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July 11, 2008



For another 'take' on, and sustained critique of, Heidegger and other modern philosophers, including Levinas and Nietzsche, see the first part of David Bentley Hart's "The Beauty of the Infinite" (section titled - 'the violence of metaphysics and the metaphysics of violence'). He argues that the Apollonian - 'the City' - and the Dionysian - 'the Waste' - are two faces of the same thing, while the Biblical revelation is something entirely different: neither Dionysian NOR Apollonian, it 'interrupts' the Greco-Roman philosophic tradition, which has been trying to evade or deny that 'interruption' ever since.

(For a poetic dramatisation of the same point, see Joseph Michael Stracszynski's epic TV space opera, Babylon 5, in particular, the climactic episode, 'Into the Fire': his two protagonists judge and reject both the Apollonian and the Dionysian; they choose and make manifest a third way which is neither. Then there is Peter Weir's Dead Poets Society..you will see in the foreground the tragic collision and mutual destruction of Dionysus and Apollo, a plot like Euripides' Bacchae; but woven through the film, like a little green 'exit' sign glowing off to one side in a darkened theatre, is the awareness of a different possibility, hinted at in the words of a girl in a lit doorway, and finally explicit when our attention is gently drawn to the 23rd Psalm, and Henry David Thoreau is replaced by King David).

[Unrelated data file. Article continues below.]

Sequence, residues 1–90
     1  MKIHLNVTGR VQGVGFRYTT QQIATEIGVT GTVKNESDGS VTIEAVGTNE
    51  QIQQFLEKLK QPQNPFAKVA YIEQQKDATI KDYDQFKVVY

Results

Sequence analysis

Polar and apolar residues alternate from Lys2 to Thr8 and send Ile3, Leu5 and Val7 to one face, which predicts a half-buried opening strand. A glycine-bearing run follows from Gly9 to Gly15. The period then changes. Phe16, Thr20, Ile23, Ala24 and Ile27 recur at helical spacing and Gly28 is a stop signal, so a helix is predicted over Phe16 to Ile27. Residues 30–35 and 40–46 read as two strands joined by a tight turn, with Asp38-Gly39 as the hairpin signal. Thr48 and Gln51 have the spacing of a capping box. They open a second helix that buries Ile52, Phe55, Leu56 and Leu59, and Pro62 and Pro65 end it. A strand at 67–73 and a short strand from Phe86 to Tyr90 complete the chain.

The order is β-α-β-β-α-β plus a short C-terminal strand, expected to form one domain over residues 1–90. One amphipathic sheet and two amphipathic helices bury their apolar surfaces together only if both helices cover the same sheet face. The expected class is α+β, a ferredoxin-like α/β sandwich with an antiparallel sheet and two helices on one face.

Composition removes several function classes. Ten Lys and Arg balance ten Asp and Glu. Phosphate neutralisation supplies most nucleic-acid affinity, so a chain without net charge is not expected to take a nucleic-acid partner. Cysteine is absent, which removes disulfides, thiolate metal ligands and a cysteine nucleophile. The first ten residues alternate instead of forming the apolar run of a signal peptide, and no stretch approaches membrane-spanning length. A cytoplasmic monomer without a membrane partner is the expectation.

Here is a very typical passage from Hart, in the section entitled 'Creation': "Dionysus is a god who cavorts among corpses, and thus affirms all things; the [Biblical] God who creates for his delight and out of love pursues his lost even into the depths of hell, and thus affirms all things.

'The play of Dionysus is nothing like the play of Wisdom before the throne of God; the latter rejoices in a gift that, once given, is desired back by the giver, which is to say, a true gift, a gift of boundless worth, given to the other, in trust that the other will respond."

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